Despite this miraculous provision of safety from hostile Indians, the Pilgrims barely survived their first winter on the Cape. Only four families remained intact; but God was still faithful. In the spring of 1621, He sent Squanto, an English-speaking Indian who offered to teach the Pilgrims how to survive in this strange new land. Squanto was one of only a few local Indians who escaped the plague. He had been captured as a young man and taken to England as a slave. During that time he mastered the English language. When he was freed, he returned to his native territory on the Cape shortly before the Pilgrims arrived.
Probably the most important thing Squanto
taught the Pilgrims was how to plant the native winter staple crop-corn. The Pilgrims thanked God for this wonderful helper. They also repaid Squanto by sharing with him the most valuable treasure they had brought with them from England-the Gospel. Squanto died a year or two after coming to the aid of the Pilgrims, but before his death he asked them to pray with him that he might go to be with their God in Heaven.
Peace and Thankfulness
Squanto introduced other Indians to the Pilgrims, and these Indians were also impressed with the Pilgrims’ God.
During the summer of 1621, it appeared the year’s corn harvest would not survive a severe drought. The Pilgrims responded by calling for a day of fasting and prayer. By the end of the day, it was raining. The rain saved the corn, which miraculously sprang back to life. One of the Indians who observed this miracle remarked that the Pilgrims’ God must be a very great God because when the Indians pow-wowed for rain, it always rained so hard that the corn stalks were broken down. They noticed the Pilgrims’ God acted differently by sending a very gentle rain that did not damage the corn harvest. It was that miraculous corn harvest in 1621 that provided grain for the Pilgrims’ first Thanksgiving meal with their Indian friends and helpers. The evidence of history shows that on this first Thanksgiving Day, both the Pilgrims and Indians thanked God for His great provision and for His goodness toward them all. Unlike other Europeans who came to America, these Bible-believing Pilgrims were model Christians in their dealings with the native populations. During their first year on the Cape, Squanto, acting as a friend and interpreter, had assisted the Pilgrims in negotiating an important peace treaty with Chief Massasoit, leader of the nearby Wampanoag Indians. The two populations, Indian and Pilgrim, kept that treaty of peace for more than fifty years.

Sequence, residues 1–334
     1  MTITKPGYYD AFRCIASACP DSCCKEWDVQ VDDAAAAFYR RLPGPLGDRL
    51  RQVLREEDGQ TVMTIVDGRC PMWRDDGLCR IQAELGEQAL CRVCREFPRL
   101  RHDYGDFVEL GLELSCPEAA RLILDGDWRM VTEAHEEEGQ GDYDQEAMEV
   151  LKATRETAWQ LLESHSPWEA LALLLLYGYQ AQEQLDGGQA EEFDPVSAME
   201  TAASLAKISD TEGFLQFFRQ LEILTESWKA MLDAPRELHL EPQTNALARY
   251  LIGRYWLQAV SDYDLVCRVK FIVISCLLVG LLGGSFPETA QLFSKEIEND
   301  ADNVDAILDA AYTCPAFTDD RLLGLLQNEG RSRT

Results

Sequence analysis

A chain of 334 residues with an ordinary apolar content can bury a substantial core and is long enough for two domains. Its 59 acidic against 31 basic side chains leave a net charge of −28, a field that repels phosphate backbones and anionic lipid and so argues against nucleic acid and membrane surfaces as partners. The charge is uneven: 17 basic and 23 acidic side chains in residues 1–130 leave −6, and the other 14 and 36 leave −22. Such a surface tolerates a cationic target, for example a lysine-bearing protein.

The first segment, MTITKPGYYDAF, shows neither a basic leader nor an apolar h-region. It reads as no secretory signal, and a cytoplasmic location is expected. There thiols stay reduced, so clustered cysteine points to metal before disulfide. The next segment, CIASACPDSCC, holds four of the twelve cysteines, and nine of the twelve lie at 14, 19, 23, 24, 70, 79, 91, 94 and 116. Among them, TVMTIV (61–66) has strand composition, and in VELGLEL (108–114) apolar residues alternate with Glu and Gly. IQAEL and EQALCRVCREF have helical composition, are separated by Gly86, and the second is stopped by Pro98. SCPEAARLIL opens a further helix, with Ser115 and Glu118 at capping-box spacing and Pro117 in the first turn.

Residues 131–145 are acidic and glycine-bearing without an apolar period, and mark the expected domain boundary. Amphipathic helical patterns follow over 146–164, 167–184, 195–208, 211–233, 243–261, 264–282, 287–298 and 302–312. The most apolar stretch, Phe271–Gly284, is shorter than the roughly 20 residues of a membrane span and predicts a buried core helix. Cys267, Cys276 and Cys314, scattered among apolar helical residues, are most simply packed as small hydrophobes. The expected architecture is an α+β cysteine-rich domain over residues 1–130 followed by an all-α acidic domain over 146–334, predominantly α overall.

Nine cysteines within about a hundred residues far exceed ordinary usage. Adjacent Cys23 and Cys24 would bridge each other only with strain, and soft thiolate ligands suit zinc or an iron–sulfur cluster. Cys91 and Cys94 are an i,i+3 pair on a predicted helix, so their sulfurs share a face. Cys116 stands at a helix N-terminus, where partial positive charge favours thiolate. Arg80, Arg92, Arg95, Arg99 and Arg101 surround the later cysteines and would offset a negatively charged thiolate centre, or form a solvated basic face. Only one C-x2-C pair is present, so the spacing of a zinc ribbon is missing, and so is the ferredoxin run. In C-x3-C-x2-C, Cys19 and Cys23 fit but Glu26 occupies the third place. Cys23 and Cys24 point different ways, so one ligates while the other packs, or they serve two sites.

The Tradition Continues
The story of Thanksgiving doesn’t end there. The holiday itself was not officially celebrated until almost 170 years later, after the Revolutionary War had been won and our American Constitution had been adopted.
In 1789, Congress approved the Bill of Rights, the first ten amendments to the Constitution. Congress then “recommended a day of public thanksgiving and prayer” to thank God for blessing America. President Washington declared November 26, 1789, as the first national day of prayer and thanksgiving to the Lord. Another 75 years later, after the Civil War ended, President Abraham Lincoln officially established the last Thursday in November as a day to acknowledge “the gracious gifts of the Most High God,” which He had bestowed on America. Every president continued this tradition until 1941 when Congress officially made Thanksgiving a national holiday.
Teach Your Children
Now that you know the true story of Thanksgiving, this year make sure your children and grandchildren learn it too. As America is currently facing serious challenges both at home and abroad, let’s join together with countless generations before us in giving thanks to God for blessing and preserving our nation. Let’s make sure that all our children and grandchildren learn Whose hand of protection has been on America; and let’s all pray that He will continue to bless and sustain our nation as we continue to acknowledge and honor Him.
From your friends at:
‘Old Paths’ Baptist Ministries
1482 N. Ramah Drive – Pueblo West, CO 81007
Dr. Robert E. Bliss, Director/Evangelist
 248-9036 or http://www.opbm.org